The decline in crude oil prices on the world market has gravely affected the country’s oil sector, which is likely to adversely affect production from the Tweneboah-Enyerra-Ntomme (TEN) fields and the Sankofa Fields, Seth Terkper, Minister of Finance, has disclosed.
Despite the low oil prices on the world market, the Finance Minister said government had pinned its hopes on the oil sector to propel Ghana’s economic growth in 2017.
Currently, a barrel of Brent crude oil on the world market is selling around $54.46 as WTI Crude oil was $51.68.
Oil production in Ghana’s first oil field, Jubilee was pegged at over 90,000 barrels per day.
Government expected so much from the sector but technical hitches have affected production.
Government has continued to borrow from domestic and local sources to enhance its operations.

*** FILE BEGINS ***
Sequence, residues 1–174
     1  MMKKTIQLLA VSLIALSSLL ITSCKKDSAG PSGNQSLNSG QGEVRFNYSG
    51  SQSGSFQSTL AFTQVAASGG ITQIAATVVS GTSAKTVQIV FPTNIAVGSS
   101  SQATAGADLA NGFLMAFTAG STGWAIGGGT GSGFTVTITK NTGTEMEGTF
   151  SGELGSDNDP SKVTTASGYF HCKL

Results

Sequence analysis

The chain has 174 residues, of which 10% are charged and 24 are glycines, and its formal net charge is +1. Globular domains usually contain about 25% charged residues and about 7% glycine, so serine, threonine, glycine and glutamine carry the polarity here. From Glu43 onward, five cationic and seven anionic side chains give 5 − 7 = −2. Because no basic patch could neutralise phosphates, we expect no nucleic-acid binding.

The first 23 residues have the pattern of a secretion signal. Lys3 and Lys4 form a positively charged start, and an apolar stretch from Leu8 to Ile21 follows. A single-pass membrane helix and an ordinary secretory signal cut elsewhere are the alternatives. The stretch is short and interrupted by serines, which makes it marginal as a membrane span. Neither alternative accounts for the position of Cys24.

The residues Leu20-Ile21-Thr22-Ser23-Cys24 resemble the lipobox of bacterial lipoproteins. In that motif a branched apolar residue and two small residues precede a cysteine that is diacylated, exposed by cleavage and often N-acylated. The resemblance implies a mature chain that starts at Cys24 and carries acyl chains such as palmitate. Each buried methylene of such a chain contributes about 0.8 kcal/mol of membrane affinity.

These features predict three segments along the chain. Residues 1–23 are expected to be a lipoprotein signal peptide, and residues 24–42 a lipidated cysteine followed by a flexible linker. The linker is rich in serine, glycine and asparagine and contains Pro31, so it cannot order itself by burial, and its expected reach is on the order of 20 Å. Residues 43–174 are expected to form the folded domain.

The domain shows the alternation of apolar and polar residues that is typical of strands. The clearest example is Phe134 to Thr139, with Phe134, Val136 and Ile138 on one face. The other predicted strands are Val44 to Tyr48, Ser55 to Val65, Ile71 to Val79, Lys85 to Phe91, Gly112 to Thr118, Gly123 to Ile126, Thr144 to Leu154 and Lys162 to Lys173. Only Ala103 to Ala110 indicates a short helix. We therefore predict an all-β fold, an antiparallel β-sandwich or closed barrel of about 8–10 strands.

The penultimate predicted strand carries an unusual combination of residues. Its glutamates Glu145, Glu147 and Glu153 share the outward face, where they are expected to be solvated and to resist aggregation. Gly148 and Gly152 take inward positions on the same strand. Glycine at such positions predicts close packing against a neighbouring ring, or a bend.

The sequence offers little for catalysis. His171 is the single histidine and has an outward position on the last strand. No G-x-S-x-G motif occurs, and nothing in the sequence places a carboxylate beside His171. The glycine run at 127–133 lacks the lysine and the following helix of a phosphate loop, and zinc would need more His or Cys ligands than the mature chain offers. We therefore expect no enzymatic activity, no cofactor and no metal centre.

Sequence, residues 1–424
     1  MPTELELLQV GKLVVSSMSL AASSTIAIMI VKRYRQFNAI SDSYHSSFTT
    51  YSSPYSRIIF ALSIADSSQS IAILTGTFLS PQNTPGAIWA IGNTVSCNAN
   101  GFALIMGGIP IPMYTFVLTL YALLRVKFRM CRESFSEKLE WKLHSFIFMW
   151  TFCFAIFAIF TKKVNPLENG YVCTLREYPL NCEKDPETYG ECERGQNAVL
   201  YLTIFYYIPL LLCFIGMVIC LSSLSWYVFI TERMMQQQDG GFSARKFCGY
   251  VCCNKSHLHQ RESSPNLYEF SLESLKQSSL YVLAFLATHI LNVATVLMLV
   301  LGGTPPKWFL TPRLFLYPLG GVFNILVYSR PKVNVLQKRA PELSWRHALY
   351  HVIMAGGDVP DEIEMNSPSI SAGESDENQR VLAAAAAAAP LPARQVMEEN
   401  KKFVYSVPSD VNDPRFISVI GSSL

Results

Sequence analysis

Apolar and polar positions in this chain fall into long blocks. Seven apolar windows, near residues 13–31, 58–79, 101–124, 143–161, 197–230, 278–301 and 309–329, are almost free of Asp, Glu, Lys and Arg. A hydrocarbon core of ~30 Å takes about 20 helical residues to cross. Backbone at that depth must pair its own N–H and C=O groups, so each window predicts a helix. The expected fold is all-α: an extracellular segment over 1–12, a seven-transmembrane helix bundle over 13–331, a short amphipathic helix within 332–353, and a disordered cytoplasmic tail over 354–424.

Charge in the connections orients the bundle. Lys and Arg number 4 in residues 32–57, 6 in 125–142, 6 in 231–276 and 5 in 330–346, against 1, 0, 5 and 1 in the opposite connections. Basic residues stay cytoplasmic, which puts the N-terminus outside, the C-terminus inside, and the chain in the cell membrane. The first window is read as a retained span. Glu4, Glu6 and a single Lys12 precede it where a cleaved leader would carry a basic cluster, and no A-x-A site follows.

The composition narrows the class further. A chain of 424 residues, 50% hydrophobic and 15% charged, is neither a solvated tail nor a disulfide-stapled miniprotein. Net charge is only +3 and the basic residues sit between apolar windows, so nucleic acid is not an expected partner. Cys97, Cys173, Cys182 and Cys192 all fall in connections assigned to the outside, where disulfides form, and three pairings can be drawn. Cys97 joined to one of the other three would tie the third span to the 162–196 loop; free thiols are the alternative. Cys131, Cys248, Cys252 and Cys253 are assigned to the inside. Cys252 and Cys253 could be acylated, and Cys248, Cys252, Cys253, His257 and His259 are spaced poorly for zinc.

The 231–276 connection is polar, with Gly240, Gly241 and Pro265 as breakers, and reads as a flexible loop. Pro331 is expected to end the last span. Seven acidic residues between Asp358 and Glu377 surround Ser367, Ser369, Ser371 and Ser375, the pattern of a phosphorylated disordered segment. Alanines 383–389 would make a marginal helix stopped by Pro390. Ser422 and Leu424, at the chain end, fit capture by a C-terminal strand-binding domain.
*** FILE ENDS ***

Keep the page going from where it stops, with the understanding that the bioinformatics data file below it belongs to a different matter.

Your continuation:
Most monies borrowed are used to service debts but key sectors of the economy, including agriculture, have not improved significantly.
Lately, statistics churned out by the Central Bank revealed that the country’s total national debt recorded GH¢112 billion, representing 67.4 percent of gross domestic product (GDP).
At the maiden Ghana Broadcasting Corporation (GBC) and National Commission for Civic Education (NCCE) Presidential Debate in Accra, President John Mahama, stated that the economy was getting back on the path of growth, as a result of a sustainable home-grown policy that had been adopted by the government.
According to the President, the World Bank had projected a growth rate of between 7 and 8 percent in the next two to three years.
“We were faced with a very unbalanced economy and we have taken bold measures…All the macroeconomic indicators are pointing in the right direction,” he said, adding that growth would rise above 8 percent next year from a projected 4.1 percent this year.